Lance Armstrong (Mario Tama/Getty)
Lance Armstrong’s doping confession made for great television, but it hasn’t provided much fodder for false advertising class actions. Just ask the lawyers at Del Sole Cavanaugh Stroyd and Nye, Peabody, Stirling, Hale & Miller, who struck out this week with claims that Armstrong deceived consumers by suggesting that he won the Tour de France thanks to energy supplements made by one his sponsors, Torrance, Calif.–based FRS Company.
In a 22-page order issued on Tuesday, U.S. District Judge Beverly Reid O’Connell in Los Angeles granted a motion to dismiss filed by Armstrong and FRS, which were named as codefendants in the case. Katten Muchin Rosenman represents Armstrong. Greenberg Traurig represents FRS.
FRS makes energy drinks, powders, and chews. Armstrong became a spokesman for the company in 2007, as well as a board member and investor. In print and TV ads, FRS touted its over-the-counter supplements as “Lance’s secret weapon”—in retrospect, a regrettable word choice. FRS’s annual sales increased 275 percent in 2009, according to the trade publication AdWeek.
Armstrong eventually resigned from the company in October 2012, about three months before he admitted to using banned performance-enhancing drugs during his illustrious cycling career. The plaintiffs sued in February 2013, alleging that FRS and Armstrong tricked consumers by making it seem like his extraordinary strength came from using FRS products, and not from what prosecutors have called one of the most sophisticated doping operations in the history of sports.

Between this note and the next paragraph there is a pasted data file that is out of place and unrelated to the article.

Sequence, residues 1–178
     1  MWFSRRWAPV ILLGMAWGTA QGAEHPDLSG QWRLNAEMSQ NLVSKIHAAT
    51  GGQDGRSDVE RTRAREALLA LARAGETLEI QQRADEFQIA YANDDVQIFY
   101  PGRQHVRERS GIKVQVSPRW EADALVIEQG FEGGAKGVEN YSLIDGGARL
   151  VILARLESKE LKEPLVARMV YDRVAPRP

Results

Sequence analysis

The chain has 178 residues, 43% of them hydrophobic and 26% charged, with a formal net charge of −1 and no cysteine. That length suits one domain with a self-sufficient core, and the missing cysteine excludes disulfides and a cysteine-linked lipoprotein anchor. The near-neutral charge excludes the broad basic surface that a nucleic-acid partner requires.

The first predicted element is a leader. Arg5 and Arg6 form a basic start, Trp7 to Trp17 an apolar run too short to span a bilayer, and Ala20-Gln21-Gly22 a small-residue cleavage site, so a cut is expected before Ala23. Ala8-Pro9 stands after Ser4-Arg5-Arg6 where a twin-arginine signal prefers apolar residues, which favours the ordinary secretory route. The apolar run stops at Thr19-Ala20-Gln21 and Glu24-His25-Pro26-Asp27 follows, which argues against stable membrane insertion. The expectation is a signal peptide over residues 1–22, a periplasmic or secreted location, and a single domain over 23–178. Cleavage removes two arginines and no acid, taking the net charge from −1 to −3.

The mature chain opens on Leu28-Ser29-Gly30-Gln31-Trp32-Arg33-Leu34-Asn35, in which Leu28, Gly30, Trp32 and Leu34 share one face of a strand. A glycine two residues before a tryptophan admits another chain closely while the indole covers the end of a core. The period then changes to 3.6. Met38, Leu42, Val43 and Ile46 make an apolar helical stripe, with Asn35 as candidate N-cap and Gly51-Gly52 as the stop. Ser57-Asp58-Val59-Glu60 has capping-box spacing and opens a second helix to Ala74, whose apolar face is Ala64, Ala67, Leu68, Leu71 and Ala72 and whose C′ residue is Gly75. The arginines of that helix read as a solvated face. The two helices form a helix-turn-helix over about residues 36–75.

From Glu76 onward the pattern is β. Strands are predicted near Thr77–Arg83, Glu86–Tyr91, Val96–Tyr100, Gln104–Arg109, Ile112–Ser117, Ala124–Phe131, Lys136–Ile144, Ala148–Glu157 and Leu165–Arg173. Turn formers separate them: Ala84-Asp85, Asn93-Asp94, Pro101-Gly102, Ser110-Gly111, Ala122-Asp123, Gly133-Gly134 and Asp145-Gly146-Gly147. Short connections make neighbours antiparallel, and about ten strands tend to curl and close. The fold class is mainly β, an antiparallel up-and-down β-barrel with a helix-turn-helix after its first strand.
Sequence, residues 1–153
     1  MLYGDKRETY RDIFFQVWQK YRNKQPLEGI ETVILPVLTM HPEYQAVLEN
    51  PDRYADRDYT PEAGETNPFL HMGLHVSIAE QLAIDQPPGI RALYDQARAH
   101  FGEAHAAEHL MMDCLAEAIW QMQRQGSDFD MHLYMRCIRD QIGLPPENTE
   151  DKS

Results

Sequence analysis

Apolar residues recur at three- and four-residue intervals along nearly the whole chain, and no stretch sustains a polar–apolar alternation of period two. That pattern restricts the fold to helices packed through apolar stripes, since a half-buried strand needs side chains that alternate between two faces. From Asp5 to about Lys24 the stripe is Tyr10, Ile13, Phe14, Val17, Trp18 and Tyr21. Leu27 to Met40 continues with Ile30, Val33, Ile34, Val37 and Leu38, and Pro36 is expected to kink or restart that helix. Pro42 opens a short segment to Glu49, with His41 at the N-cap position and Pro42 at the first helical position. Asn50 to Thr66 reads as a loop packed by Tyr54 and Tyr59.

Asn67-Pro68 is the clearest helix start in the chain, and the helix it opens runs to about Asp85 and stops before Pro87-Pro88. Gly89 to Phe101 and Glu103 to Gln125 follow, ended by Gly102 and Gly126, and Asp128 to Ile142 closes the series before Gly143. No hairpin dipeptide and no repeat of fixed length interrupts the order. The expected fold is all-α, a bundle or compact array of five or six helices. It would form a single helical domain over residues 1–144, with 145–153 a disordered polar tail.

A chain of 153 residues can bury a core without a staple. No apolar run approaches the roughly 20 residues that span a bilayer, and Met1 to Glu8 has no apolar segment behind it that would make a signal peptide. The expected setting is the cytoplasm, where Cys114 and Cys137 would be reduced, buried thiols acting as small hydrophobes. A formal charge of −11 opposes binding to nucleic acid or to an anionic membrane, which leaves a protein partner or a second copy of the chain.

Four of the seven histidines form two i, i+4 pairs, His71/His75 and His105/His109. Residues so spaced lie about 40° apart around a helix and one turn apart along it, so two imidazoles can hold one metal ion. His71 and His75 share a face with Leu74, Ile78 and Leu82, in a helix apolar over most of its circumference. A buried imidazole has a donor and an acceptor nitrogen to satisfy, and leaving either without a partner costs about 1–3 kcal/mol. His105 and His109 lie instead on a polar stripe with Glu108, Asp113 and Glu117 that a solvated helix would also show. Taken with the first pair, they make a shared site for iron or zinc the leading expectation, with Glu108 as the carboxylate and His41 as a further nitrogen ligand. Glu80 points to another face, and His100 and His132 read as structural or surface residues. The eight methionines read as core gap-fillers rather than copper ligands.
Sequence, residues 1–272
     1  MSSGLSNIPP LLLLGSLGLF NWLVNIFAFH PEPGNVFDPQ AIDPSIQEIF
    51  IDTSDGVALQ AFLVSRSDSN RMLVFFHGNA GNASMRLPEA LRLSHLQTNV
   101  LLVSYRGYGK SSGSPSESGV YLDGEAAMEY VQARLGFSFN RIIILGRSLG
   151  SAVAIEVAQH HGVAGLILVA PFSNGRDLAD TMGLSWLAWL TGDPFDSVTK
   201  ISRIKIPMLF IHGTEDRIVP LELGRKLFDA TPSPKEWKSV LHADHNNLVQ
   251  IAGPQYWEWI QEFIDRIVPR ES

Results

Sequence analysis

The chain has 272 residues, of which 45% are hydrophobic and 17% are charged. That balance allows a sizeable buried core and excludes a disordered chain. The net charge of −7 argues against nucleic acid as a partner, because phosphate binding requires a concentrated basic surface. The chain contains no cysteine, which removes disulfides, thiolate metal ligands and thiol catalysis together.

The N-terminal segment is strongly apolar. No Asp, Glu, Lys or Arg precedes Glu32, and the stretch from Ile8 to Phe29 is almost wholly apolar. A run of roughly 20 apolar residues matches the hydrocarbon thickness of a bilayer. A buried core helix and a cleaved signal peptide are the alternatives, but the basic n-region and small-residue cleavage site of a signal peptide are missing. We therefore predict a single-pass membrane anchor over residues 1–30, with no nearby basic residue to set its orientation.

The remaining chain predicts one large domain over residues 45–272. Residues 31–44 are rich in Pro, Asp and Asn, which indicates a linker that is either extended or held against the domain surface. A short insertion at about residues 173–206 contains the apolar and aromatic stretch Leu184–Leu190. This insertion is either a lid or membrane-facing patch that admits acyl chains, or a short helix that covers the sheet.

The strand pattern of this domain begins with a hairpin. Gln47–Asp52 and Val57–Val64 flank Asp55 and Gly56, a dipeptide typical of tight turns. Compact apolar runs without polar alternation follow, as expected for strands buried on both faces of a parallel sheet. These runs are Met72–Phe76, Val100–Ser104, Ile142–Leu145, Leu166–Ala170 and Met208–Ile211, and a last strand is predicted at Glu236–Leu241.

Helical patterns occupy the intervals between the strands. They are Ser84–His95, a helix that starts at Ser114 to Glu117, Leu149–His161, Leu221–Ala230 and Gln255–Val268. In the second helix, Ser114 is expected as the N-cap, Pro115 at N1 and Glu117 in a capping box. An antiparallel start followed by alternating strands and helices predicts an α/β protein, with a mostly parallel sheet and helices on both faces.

Judge O’Connell wasn’t buying it. Siding with Katten and Greenberg, she ruled this week that FRS’s secret weapon claim was “vague and subjective puffery.” A reasonable consumer wouldn’t look at the ads and think FRS products were the reason Armstrong won seven Tour de France titles, she wrote. “Such an inference requires the reasonable consumer to discount extensive training, natural ability or even illegal PED use,” she wrote. “To take the advertisements as literally as plaintiffs urge leads to other unreasonable inferences. Of course, after advertising a product, it is no longer a ‘secret,’ showing that a ‘secret weapon’ advertisement is a self-defeating concept.”
Purchasers of two Lance Armstrong autobiographies suffered a somewhat similar defeat in September, when a federal judge in Sacramento tossed false advertising claims against the books’ publishers. The plaintiffs claimed they were duped into buying books that perpetuated lies about Armstrong’s record, but the case foundered on California’s anti-SLAPP statute, which bars suits that would restrict defendants’ First Amendment rights.
Katten’s team for Armstrong included Zia Modabber, Gregory Korman and Andrew Demko. FRS’s lawyers at Greenberg included Jordan Grotzinger, Robert Herrington and Adrienne Lawrence.
“Was it legal opportunism? Was it kicking a guy while he’s down? Whatever it was, the lawsuit was baseless,” Katten’s Modabber said in an interview.
Plaintiffs counsel Benjamin Sweet of Del Sole Cavanaugh wasn’t immediately available for comment.